Here's an excerpt from an op-ed written by Sarah Palin and published online Monday by USAToday.com:
Thanks to the solid new research and recent revelations in Peter Schweizer's book Throw Them All Out and the subsequent coverage on 60 Minutes, we have concrete proof to explain how members of Congress accumulate wealth at a rate astonishingly faster than the rest of Americans and have stock portfolios that outperform even the best hedge-fund managers'. (Full disclosure: Schweizer is employed by my political action committee as a foreign policy adviser.)
From sweetheart land deals to initial public offering (IPO) stock gifts to insider trading with non-public government information, the methods of unethical wealth accumulation for our permanent political class are endless. The reaction from the Beltway establishment to the revelations concerning insider trading among members of Congress was predictable. First they denied it, then they dismissed the problem as much ado about nothing. Some said there was no need for new laws or action because the Securities and Exchange Commission could prosecute members of Congress under existing laws against insider trading.
But under current law, there is no way the SEC will ever go after a powerful congressman or senator. The SEC never has, even though insider trading prohibitions have existed since the 1930s. Here's why: Congress sets the SEC's budget, and senators approve the head of the SEC. Congress uses its power of the purse strings to threaten federal agencies that get in their way.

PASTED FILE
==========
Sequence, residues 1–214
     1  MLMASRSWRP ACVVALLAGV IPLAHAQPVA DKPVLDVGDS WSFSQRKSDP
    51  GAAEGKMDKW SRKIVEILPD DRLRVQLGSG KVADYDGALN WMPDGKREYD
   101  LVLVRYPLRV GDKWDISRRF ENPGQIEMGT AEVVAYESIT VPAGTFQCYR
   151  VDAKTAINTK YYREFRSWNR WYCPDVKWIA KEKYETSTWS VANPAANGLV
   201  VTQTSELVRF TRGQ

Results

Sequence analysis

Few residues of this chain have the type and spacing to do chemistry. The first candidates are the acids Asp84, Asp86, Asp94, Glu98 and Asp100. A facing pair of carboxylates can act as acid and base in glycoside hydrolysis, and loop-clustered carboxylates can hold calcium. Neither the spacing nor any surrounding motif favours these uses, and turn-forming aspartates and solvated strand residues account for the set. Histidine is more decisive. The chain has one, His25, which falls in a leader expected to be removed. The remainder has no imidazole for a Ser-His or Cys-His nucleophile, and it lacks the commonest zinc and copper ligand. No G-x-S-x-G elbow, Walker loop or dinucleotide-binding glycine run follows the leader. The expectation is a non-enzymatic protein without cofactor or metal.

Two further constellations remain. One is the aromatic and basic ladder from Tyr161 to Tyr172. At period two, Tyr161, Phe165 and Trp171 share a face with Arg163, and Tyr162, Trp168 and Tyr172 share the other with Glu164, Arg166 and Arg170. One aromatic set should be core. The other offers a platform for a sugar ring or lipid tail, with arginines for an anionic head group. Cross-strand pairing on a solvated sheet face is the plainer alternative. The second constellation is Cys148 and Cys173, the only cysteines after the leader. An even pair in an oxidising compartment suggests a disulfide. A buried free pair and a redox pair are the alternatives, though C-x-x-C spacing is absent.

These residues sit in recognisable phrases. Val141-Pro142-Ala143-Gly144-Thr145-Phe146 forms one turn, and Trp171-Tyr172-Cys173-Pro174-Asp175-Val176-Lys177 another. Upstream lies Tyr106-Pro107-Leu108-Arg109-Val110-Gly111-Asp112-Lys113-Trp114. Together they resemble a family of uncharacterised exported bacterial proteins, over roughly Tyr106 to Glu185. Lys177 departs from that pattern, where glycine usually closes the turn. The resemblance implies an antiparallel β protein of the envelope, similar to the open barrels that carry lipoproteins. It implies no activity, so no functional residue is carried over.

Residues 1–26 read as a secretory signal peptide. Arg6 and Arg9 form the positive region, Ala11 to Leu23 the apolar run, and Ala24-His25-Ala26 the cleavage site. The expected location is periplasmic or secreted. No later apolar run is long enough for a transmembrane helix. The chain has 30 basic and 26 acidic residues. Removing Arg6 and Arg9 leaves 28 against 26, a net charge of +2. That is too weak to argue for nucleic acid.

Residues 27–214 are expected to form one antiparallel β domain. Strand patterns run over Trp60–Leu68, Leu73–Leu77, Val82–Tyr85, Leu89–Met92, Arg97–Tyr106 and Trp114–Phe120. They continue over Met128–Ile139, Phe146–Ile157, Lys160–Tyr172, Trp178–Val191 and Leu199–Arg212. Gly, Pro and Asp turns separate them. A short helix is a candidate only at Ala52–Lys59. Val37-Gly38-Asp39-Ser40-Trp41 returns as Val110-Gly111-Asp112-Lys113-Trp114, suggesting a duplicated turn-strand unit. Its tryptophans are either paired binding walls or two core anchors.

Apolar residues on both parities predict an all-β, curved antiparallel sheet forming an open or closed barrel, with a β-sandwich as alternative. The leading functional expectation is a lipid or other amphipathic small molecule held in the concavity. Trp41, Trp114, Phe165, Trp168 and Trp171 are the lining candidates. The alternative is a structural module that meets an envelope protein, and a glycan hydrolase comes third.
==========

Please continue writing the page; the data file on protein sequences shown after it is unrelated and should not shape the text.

For example, in 2006 the FBI got a search warrant from a federal judge to comb former congressman William Jefferson's office. The FBI already had evidence that Jefferson was taking bribes. Congress was furious that the FBI would dare search a fellow member's office. Members claimed the search was unconstitutional. They even threatened to cut the Justice Department's budget in retaliation. All this despite the fact that 86% of Americans supported the FBI raid.
A hands-off SEC
Does anyone really think the SEC under current law will have the courage to investigate the insider trading in Congress? Remember that this corruption (and failure to deal with it) encompasses both sides of the aisle. We fool ourselves thinking we can trust an agency dependent on Congress for its budget to investigate Congress.
I hate the idea of more laws, but because our politicians have shown a failure of ethical leadership, we must reassert the rule of law through strong new legislation that holds Congress accountable and prevents retaliation against whistle-blowers and regulatory agencies investigating corruption.
[More]Read Gov. Palin's full opinion piece here. It will appear in USA Today's print edition Tuesday.